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Quote:
Well I think that Apple has figured out how to make money pretty well as this stock chart shows (Apple is red, Adobe blue, Microsoft green and Dell is yellow):

http://finance.yahoo.com/charts#char...urce=undefined
Point taken. I guess that's why I'm here and Jobs is CEO.

jon
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Old January 8th, 2007, 08:50 PM   #13
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I have no problem with the conversation. Most of the problems the windows world has with the apple world are old misconceptions.

Apple started using commodity PC parts partially due to the "Macs are expensive" argument. This was true at the time...it's becoming much less relevant today and is really coming back to the same thing I've been arguing forever...the difference is user experience and what you're comfortable with.

The second part of apple's decision to go with commodity parts is that these pieces of hardware are where the advancement was being driven by competition. The more proprietary hardware wasn't progressing as quickly as the apple customers wanted and the customers (read: money) were jumping ship.

"Macs are simple...I want control over my system"
Macs are deceptively simple. They are specifically engineered to hide the computery bits from the user. These bits don't magically dissapear when they do this, they just target your parents and grandparents with the interface. As an apple support guy for the past 10 years, the target "creative professional" audience for apple computer doesn't "get" the computery bits when using the computer (boy do I have stories to tell). In the same way a carpenter doesn't need to understand the metallurgy that goes into making a hammer...it's just a tool for many folks.

You can access all of the computery bits of OSX through the terminal and some of the admin/utility applications that access the unixy bits. The power is still there, it's just hidden from the user. I started using computers in 1978. To repair them, you soldered new chips onto the logic board. I have a litany of hardware/software platforms I'm familiar with and have used over the years. The purpose and reason behind the advent of computers...the promise of computers was to make life simpler. By forcing average users to have to understand what is happening is pointedly trying to not live up to that promise (some people don't want the computery bits hidden, and there is nothing wrong with that).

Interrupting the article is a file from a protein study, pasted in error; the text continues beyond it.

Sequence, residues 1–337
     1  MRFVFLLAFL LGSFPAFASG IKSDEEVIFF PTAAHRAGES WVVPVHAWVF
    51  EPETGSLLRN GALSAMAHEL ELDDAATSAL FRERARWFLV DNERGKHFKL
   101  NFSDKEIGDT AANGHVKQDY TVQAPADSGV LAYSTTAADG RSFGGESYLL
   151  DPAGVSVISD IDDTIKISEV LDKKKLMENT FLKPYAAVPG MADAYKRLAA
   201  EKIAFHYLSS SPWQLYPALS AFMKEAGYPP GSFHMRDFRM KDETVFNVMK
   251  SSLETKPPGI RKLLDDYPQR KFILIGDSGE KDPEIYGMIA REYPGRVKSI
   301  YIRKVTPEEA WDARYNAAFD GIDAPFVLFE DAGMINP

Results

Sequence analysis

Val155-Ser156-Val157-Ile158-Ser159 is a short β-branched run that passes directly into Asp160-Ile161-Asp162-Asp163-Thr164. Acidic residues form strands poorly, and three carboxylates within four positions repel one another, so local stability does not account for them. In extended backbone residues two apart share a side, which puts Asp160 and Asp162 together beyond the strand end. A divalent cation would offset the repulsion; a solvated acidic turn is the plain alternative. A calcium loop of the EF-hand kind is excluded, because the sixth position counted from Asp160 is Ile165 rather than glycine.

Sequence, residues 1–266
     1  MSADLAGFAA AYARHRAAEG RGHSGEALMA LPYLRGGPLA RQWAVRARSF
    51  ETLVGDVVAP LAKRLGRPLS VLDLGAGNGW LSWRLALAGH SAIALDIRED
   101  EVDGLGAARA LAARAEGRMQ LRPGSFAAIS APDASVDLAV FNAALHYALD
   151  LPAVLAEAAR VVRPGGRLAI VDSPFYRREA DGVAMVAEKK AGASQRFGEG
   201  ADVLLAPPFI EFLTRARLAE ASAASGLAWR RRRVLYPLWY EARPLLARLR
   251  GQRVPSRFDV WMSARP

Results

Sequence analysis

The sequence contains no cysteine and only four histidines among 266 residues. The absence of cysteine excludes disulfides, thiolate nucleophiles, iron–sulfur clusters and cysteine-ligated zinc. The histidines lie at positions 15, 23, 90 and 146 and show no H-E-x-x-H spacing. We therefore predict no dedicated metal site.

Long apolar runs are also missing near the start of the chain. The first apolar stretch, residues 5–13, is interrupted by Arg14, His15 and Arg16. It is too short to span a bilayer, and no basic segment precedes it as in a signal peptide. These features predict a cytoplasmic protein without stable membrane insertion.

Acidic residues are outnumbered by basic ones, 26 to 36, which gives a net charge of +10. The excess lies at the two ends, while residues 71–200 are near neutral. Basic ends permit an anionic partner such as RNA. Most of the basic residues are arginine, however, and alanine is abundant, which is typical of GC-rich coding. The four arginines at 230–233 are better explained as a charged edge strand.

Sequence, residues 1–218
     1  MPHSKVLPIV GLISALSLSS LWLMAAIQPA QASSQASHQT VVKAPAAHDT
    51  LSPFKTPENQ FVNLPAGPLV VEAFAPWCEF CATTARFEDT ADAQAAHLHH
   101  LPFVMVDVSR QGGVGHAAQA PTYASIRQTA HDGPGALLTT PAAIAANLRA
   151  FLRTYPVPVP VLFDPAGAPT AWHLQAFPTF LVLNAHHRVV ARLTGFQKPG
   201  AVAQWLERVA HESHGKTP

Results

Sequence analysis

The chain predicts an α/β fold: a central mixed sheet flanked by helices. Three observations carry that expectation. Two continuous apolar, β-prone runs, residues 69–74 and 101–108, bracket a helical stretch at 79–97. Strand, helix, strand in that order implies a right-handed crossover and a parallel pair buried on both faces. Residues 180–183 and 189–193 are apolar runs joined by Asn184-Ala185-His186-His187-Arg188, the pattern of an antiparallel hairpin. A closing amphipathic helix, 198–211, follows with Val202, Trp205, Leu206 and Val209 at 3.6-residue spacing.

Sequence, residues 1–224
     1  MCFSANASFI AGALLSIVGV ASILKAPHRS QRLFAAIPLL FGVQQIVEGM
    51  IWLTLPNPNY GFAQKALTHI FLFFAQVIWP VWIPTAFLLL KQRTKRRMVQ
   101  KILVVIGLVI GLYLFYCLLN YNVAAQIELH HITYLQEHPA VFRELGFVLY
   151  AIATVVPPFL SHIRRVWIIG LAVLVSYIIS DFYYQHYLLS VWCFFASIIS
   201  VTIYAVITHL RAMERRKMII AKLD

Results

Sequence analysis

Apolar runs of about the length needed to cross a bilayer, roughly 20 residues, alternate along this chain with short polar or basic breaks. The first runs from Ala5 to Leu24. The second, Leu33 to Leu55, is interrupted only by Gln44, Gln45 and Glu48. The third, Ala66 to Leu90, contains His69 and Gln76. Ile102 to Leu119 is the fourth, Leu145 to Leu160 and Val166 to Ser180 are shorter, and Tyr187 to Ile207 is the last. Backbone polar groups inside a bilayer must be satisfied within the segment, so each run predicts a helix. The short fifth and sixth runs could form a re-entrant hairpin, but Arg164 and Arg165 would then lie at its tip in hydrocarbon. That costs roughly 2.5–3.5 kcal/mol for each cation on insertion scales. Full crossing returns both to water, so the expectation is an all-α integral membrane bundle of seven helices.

Board masters, please moderate this as you see fit, I am simply trying to explain away some of the historically accurate misconceptions that still plague apple as a company.
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Old January 8th, 2007, 11:41 PM   #14
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Quote:
Originally Posted by Steve Maller
It'll never happen. Apple's software is a showcase for their hardware.
Or at least that's the way Apple seems to view it. But now that Apple's hardware is effectively just a PC with a proprietary BIOS chip, there's little reason left not to emphasize the software over the hardware. If Apple could figure out a way to make enough money selling software without worrying about hardware they could do just fine financially, like, say, a certain software company from Redmond. Apple's biggest limitation throughout their history has been insisting on being a hardware company, when it's really their software which makes them what they are.
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Old January 9th, 2007, 09:18 AM   #15
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The reason you WON'T see Final Cut Pro on Windows is the same reason that Apple pulled the great audio editing program Logic from Windows:

On the Mac side, they have a known hardware set.

On the PC side, they'd have to support all the problems with the millions of PC components that are "near-spec" (things that are roughly within specification and often don't work exactly right with each other when combined.... something I suspect is causing a far greater amount of problems with PCs than anyone will admit to. Mostly due to the cheap ways the components are produced.)

With Logic, Apple cut loose 40% of users that were taking up more than 80% of the problems and it's working.....